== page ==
Friedreich’s ataxia is an inherited disease that causes damage to the nervous system and a loss of coordination that typically progresses to muscle weakness. It can begin causing symptoms in childhood or early adulthood and, over time, it can also lead to vision loss and diabetes.
Scientists seeking a better understanding of the disease have tried for years to replicate the disease’s symptoms and progression in laboratory mice, but until recently have been largely unsuccessful.
Now, a team of UCLA researchers has recreated aspects of Friedreich’s ataxia in mice and shown that many early symptoms of the disease are completely reversible when the genetic defect linked to the ataxia is reversed. The findings appear in the journal eLife.
“Remarkably, most of the dysfunction we were seeing in the mice was reversible even after the mice showed substantial neurologic dysfunction,” said Dr. Daniel Geschwind, the Gordon and Virginia MacDonald Distinguished Chair in Human Genetics, a UCLA professor of neurology and psychiatry, and the study’s senior author. “We were very surprised by the extent to which the mice improved.”
The results, however, need to be replicated in humans before researchers know whether they can lead to new therapeutics for people with Friedreich’s ataxia.
Friedreich’s ataxia is known to be caused by a genetic mutation in a gene called FXN. The mutation leads to reduced levels of frataxin, the protein encoded by FXN. Although doctors can manage some of the symptoms, there are no treatments for the disease.
“The lack of treatments for Friedreich’s ataxia has been frustrating for many and has been, in part, due to the lack of good animal models of the disease,” Geschwind said. “There was really a need for a mouse model to help researchers determine the consequences of whole-body reduction of frataxin.”
Geschwind and colleagues developed mice in which the FXN gene can be blocked by a strand of RNA that’s controlled by an antibiotic. Higher levels of the antibiotic lead to more blockage of the gene, and therefore lower levels of frataxin. The approach allowed the researchers to have tight control over frataxin levels throughout the mice’s lives, letting them develop normally for three months before administering the antibiotic to turn down their frataxin levels.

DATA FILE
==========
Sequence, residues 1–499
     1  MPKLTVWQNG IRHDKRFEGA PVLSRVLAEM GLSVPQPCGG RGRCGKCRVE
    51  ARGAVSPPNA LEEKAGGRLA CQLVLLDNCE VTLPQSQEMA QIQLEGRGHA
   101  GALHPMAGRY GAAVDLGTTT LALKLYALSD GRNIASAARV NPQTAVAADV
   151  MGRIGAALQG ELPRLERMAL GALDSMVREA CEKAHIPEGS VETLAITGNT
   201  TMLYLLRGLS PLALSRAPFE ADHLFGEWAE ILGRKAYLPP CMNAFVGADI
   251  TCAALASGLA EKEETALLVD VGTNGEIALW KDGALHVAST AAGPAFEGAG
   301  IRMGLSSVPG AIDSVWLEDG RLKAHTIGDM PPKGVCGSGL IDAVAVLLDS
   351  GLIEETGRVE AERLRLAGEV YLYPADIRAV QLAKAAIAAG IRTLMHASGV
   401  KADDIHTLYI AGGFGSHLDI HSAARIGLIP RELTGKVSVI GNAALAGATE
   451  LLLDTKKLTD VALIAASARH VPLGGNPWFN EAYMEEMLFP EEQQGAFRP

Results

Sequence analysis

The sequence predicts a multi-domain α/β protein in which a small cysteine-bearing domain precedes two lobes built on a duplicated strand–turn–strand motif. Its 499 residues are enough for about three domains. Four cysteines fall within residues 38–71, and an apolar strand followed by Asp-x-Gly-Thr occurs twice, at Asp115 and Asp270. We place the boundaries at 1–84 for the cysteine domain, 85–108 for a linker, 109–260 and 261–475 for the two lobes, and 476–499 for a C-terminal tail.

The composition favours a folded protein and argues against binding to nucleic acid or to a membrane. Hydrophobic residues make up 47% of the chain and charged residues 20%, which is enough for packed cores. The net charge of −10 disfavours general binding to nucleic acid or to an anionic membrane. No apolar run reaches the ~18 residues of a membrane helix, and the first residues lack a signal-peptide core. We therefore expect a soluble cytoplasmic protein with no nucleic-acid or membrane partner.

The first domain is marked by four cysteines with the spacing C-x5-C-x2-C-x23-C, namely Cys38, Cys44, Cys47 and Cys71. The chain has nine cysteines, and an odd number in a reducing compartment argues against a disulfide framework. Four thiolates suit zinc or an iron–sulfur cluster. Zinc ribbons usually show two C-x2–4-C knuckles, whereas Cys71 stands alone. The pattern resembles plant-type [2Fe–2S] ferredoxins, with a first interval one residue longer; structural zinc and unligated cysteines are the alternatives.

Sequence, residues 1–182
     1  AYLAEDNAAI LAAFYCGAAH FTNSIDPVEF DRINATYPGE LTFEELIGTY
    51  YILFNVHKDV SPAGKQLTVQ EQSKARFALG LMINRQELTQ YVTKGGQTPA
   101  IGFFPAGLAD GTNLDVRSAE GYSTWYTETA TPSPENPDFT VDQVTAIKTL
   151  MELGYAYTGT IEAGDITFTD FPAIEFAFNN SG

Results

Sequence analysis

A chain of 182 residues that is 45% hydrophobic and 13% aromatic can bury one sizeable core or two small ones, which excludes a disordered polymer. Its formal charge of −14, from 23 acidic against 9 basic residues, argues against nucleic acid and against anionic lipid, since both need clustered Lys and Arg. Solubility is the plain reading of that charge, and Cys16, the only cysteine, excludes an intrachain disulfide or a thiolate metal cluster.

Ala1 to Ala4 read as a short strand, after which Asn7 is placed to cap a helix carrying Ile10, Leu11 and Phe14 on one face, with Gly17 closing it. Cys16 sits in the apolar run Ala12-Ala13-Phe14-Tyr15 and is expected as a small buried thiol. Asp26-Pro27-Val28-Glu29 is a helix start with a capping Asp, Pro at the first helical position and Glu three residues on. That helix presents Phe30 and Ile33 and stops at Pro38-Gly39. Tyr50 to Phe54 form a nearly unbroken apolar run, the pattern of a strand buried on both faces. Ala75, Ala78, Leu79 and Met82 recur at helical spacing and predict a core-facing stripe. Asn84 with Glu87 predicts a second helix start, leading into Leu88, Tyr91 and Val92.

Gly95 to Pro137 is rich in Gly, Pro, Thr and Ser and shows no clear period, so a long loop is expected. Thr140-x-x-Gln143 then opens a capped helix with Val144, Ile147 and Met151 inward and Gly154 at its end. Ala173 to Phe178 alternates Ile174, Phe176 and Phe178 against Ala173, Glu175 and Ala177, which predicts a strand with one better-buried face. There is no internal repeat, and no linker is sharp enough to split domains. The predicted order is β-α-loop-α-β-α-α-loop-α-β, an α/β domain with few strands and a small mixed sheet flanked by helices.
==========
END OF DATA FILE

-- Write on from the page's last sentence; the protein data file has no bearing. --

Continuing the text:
After 12 weeks with low frataxin levels, the study found, mice have symptoms similar to those seen in humans with the disease, including weight loss; the loss of coordination, or ataxia; impaired walking; hunched backs; and reduced muscular strength. When the researchers stopped administering the antibiotics, frataxin levels returned to normal, and most of the symptoms disappeared.
While most scientists believed that the symptoms of Friedrich’s ataxia were mostly due to the death of brain cells, the study’s findings suggest that many of the initial symptoms — at least in mice — are due to reversible cellular changes that precede cell death.
The researchers also found other genes and proteins that are immediately affected by reductions in frataxin — information that could help identify new targets for drugs to treat the disease. They hope to continue this line of work, studying the biochemical changes that occur in conjunction with Friedreich’s ataxia. They’re also sharing the strain of mice they developed with academic and commercial laboratories that are already pursuing drugs that aim to increase frataxin levels in human patients. In these cases, the new mouse model can be used to test the effectiveness of the drugs.
“Going forward, this model provides an important new potential avenue for therapeutic development,” Geschwind said.
The study’s other authors are Vijayendran Chandran, Kun Gao, Revital Versano and Hongmei Dong of the UCLA department of neurology, and Maria Jordan of the UCLA department of physiology.
The research was funded by the Friedreich’s Ataxia Research Alliance, the Muscular Dystrophy Association and the Dr. Miriam and Sheldon G. Adelson Medical Research Foundation.
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